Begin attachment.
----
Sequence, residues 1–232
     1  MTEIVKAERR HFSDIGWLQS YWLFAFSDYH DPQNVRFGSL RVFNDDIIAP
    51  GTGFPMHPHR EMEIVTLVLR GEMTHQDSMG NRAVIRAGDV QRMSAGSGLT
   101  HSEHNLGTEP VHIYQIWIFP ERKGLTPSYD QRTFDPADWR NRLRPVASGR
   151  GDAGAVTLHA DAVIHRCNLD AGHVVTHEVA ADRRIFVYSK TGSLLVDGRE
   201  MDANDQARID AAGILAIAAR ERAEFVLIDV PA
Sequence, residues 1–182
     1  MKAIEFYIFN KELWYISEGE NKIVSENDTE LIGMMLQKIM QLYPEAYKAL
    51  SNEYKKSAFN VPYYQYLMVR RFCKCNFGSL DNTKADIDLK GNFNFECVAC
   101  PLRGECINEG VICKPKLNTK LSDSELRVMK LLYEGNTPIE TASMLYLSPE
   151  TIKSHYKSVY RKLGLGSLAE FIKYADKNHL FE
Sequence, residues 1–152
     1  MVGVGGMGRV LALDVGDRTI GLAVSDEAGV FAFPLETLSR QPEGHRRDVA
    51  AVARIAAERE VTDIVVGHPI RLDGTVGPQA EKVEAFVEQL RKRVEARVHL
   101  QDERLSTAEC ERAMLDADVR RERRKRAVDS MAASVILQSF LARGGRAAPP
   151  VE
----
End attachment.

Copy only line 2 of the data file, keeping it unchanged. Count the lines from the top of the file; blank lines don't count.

     1  MTEIVKAERR HFSDIGWLQS YWLFAFSDYH DPQNVRFGSL RVFNDDIIAP